Skip to main content

Common Travel Area

Volume 707: debated on Monday 2 February 2009

Question

Asked by

To ask Her Majesty's Government what is the common travel area; how extensive it is; what its origin is; whether it has any status in domestic or international law; when the term was first used; whether it is codified in any way; and what assessment they have made of its future. [HL676]

The common travel area (CTA) comprises the United Kingdom, the Crown dependencies (the Channel Islands and the Isle of Man) and the Republic of Ireland. The CTA came into being in the 1920s and was enshrined in legislation in the Immigration Act 1971. The CTA was a purely administrative arrangement until it was given full statutory recognition in the UK under Section 1(3) of the Immigration Act 1971, and the Immigration (Control of Entry through the Republic of Ireland) Order 1972. There is no formal agreement between the constituent territories which underpin the CTA.

The Government held a public Strengthening the Common Travel Area consultation between 24 July and 16 October 2008. This document outlined a number of proposed reforms of the CTA and the government response to this consultation and a full impact assessment were published on 15 January.

Asked by

To ask Her Majesty's Government why they are seeking to reform the common travel area; which departments are responsible for developing the reforms; and whether their proposed reform will significantly affect the Republic of Ireland. [HL677]

The common travel area (CTA) came into being in the 1920s and was enshrined in legislation in the Immigration Act 1971. The principle of free movement for nationals of the UK, the Republic of Ireland and the Crown dependencies has delivered important economic and social benefits over the years.

It is recognised that the privileges bestowed on CTA nationals may be abused by others, thus increasing immigration risks within the area.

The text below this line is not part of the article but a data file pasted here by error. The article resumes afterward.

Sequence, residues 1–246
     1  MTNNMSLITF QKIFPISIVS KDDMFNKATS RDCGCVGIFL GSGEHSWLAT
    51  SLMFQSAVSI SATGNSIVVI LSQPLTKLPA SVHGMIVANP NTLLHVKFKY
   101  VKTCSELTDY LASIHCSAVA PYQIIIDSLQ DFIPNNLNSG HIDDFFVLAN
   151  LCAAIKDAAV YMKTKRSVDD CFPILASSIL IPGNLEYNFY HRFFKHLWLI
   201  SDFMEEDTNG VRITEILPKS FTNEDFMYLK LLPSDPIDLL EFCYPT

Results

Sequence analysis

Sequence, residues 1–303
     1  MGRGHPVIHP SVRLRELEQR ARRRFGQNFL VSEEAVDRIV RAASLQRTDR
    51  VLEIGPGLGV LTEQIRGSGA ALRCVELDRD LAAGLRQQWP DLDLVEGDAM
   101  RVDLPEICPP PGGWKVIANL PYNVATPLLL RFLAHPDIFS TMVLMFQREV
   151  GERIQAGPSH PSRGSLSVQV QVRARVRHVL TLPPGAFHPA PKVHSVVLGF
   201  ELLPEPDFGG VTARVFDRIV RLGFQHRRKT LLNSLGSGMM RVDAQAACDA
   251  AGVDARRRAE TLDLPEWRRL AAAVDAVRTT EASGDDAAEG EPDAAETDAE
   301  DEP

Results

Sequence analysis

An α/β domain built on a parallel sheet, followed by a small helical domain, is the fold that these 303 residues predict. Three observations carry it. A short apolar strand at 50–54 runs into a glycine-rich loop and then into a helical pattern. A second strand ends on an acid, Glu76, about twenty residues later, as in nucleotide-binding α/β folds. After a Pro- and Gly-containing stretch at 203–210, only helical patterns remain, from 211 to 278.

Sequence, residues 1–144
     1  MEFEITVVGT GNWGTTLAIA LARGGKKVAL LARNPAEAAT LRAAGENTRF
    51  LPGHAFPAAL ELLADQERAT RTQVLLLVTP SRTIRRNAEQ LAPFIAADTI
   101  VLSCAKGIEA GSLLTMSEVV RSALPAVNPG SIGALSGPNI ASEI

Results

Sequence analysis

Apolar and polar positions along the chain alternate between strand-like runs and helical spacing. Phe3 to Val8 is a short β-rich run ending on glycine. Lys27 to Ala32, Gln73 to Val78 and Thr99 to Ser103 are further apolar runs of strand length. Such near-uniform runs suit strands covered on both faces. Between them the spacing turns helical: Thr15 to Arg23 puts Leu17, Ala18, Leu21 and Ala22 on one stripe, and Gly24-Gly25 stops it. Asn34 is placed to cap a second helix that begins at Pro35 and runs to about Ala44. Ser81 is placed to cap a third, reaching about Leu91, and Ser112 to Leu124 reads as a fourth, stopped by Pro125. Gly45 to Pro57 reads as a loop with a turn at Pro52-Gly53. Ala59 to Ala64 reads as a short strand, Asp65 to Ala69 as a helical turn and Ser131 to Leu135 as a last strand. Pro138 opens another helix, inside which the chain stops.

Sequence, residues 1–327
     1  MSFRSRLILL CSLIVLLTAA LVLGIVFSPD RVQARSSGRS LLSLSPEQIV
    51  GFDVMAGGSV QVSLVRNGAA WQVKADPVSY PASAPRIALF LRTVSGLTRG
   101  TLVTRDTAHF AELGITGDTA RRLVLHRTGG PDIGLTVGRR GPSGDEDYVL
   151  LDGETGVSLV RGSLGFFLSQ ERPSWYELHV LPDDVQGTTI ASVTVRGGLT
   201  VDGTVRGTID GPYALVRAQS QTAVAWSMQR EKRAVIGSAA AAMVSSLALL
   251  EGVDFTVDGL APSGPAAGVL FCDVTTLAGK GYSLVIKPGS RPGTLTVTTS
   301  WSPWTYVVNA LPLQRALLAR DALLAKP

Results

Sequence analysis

The UK Border Agency has been responsible for developing reforms in close partnership with the Governments of the Republic of Ireland and the Crown dependencies.

The Government will require all EEA nationals, including those that are British and Irish, to prove their identity and nationality with a passport or national identity card. Other nationals, including visa nationals, will be required to carry their passport on routes between the Republic of Ireland and the UK as with all other international routes to/from the UK.

Asked by

To ask Her Majesty's Government what discussions they have had with the Government of the Republic of Ireland regarding the common travel area; which Ministers and officials represented the United Kingdom in those discussions; what views were expressed by the Irish Ministers and officials; and what assessment they have made as to whether the Republic of Ireland favours the continuation, reform or abolition of the common travel area. [HL678]

The Government have developed the proposal for reform in close partnership with the Governments of the Republic of Ireland and the Crown dependencies. In addition to regular engagement at ministerial level, we have biannual senior official level meetings with the Irish to discuss immigration (and counterterrorism) issues in addition to ad hoc expert level meetings as required. We will continue to liaise closely with Irish counterparts on the development of our separate border management programmes and are committed to work together to optimise benefits for the common travel area (CTA).

The CTA is not being abolished and both countries are committed to preserving the common travel area and its benefits for legitimate travellers

Asked by

To ask Her Majesty's Government what proposals they have for reform of the common travel area; when consultations on their proposals will take place; and when they propose to legislate. [HL744]

The Government published a public Strengthening the Common Travel Area consultation between 24 July and 16 October. These proposals for reform were developed in close partnership with the Governments of the Republic of Ireland and the Crown dependencies.

A number of industry-specific and regional stakeholder events took place over the 12-week consultation period. A total of 44 written responses (some of which were collective responses representing the views of a number of related organisations) were received. The respondents included airlines, ferry companies, port operators and associations, travel companies, public sector organisations, human rights groups and other interested parties as well as members of the public. The government response to the consultation feedback and the full impact assessment were published on 15 January.

The changes to the operation of the common travel area (CTA) arrangements will bring together the work of the former Border and Immigration Agency and HM Revenue and Customs' frontier responsibilities on CTA routes.

The Borders, Citizenship and Immigration Bill, introduced to Parliament on 14 January 2009, will provide the power to routinely control all persons arriving in or departing from the UK, from or to another part of the CTA by air or sea. The commencement provisions enable this power to be brought in by order on a date to be determined.